The excitement continues to bubble in the Overstreet’s wine adventures. In May, we took a trip to the Burgundy region of France where we purchased a small plot of a vineyard in a village by the name of Villars Fontaine (not far from the famous Romanee Conti vineyards).
The Chateau de Villars Fontaine, the winery of the same name, and the adjacent vineyards are owned by Monsieur Bernard Hudelot who planted them in the 1970’s and is now selling the land in shares. Our “plot” of land is 214 square meters or about two times as big as the house where we’re currently living. As I write this, approximately 2/3 of the total available shares are sold. Besides the fun of “owning” a small plot of a vineyard and “investing” in a small part of the winery operations in one of the world’s great wine regions, we can also purchase high quality vintages at affordable prices. I probably don’t need to tell you that having a few hundred bottles of fine, Burgundian wine in our personal wine stash is a very lovely situation.
Villars Fontaine produces Chardonnay and Pinot Noir, the varietals this region is famous for, using traditional methods to create superior wines intended to be aged for long periods. Monsieur Hudelot also recently resurrected Gamay in an attempt to change it’s stereotype from a mediocre wine to one that can also be a great, long-aging wine. To me, Monsieur Hudelot does amazing work with his wines that sets them apart – first, he ages them for a very long time (whites 18 months, reds 30 months) and second, because of the barrels he uses, the wines come out not overly oaky but complex, smooth and balanced. This is due, in part, because Monsieur Hudelot contracts a single barrel maker who, over a three year period, slowly and naturally air dries the French oak staves used in the barrel production. This process eliminates the rough tannic properties of the oak. The long aging process in contact with the naturally dried wood enhances the structure and helps to produce the brilliant result so elegantly emanated in the wine. The whites can easily sit in the cellar and improve for 10+ years and the reds for 30+ years.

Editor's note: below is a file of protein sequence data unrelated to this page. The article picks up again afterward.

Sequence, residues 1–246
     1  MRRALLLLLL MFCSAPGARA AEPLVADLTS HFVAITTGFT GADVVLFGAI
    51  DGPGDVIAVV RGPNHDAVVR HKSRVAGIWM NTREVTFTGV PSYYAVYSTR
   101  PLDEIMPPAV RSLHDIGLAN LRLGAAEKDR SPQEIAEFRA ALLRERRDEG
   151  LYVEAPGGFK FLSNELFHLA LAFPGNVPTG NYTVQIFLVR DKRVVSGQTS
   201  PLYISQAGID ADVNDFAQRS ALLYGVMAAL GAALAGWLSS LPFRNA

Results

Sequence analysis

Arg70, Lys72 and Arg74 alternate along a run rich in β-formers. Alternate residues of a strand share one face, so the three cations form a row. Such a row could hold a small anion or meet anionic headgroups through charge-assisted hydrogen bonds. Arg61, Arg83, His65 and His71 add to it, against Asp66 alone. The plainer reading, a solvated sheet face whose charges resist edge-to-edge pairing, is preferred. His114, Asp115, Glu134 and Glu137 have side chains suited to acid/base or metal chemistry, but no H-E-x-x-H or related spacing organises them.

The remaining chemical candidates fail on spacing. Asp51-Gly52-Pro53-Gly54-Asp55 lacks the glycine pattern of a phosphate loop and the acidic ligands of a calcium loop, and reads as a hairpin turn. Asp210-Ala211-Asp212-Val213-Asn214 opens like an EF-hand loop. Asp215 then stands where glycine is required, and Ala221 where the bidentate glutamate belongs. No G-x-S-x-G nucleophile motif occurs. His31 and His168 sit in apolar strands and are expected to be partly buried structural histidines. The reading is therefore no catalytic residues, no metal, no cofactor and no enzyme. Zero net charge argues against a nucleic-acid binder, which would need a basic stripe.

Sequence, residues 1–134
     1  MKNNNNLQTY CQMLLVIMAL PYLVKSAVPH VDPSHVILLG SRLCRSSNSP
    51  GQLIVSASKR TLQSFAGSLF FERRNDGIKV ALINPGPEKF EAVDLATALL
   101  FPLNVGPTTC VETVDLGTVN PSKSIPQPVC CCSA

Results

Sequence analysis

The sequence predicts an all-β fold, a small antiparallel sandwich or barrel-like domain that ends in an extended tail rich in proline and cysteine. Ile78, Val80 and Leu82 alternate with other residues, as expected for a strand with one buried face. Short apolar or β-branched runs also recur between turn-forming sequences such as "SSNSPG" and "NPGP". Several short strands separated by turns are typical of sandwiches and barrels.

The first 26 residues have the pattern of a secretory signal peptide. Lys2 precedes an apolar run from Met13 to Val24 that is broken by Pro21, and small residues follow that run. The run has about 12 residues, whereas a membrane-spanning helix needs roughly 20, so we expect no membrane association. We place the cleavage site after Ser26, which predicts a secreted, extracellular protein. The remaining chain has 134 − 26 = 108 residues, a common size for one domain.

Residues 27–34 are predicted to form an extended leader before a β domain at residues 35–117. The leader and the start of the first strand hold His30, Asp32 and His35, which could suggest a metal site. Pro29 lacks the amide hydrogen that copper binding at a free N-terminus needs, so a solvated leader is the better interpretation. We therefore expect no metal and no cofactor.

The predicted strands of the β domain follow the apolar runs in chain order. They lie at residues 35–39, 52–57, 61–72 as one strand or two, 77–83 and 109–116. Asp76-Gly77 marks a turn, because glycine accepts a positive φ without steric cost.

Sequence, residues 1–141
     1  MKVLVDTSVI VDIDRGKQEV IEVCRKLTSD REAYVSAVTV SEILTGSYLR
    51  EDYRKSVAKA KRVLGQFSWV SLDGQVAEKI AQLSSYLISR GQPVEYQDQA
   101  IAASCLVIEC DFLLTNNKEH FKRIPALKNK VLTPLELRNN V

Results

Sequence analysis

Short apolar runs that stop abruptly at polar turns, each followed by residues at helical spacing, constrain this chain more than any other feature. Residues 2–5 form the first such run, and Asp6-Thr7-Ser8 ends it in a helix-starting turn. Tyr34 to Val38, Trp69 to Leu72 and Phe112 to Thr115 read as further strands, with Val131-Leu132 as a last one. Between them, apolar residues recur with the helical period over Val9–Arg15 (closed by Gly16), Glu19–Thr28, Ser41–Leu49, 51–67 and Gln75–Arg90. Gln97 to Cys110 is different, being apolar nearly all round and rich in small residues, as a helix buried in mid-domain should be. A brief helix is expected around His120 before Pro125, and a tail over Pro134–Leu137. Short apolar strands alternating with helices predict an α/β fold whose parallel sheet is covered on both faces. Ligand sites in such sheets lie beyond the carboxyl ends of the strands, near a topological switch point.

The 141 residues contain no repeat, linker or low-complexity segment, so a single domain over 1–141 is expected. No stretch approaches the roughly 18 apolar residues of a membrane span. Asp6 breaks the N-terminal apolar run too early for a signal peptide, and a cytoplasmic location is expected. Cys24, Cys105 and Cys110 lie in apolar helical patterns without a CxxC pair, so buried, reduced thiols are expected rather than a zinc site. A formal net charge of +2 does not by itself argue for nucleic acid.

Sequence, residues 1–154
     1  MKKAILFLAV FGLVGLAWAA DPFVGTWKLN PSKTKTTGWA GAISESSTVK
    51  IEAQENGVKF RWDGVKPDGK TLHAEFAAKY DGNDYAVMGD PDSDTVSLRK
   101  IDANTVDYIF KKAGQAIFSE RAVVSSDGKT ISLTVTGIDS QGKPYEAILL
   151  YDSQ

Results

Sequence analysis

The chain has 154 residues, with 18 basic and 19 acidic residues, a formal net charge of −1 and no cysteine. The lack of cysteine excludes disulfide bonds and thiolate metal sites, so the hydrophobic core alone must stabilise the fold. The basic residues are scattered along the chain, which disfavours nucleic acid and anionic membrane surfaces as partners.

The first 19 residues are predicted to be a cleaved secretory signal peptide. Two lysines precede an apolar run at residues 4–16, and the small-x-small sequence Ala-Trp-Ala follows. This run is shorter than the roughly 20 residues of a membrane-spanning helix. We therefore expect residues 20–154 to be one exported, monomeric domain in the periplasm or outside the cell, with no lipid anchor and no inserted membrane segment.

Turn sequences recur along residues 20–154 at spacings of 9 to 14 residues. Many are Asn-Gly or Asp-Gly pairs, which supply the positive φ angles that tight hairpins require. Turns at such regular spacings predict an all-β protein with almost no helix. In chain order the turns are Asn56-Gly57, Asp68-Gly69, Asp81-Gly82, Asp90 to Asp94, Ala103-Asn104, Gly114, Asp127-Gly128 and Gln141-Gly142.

In May, we brought home the 2005 vintage. The Chardonnay is already delightful but can, amazingly to us, age some more (if we can keep it around long enough). The Pinot Noir is showing great potential as it gives us a hint of what is to come. We found ourselves back in France in June, so we visited the winery again and purchased about 100 bottles of the 2002 vintage of both varietals. The whites are stunning – smooth, subtly complex, perfectly balanced! The reds – still not at their intended drinking age, appear to be slowly working their way to excellence.
So, we have officially started a cellar and look forward to tasting the progress of the wines we purchase as they show their complexity and style in a new way each time we treat ourselves to a glass. It is sort of like they are starting out in a comfortable, cotton dress and working their way up to the perfect, little, black dress.
If you’re interested in owning a little slice of Burgundy for yourself, the “ownership” involves the purchase of a plot of a vineyard and advanced purchase of about 100 bottles of each current year’s vintage, to be picked up two to four years later when properly aged, bottled, and released. Please feel free to contact me for more information.
Written with assistance from Stevie Bobes, Chateau de Villars Fontaine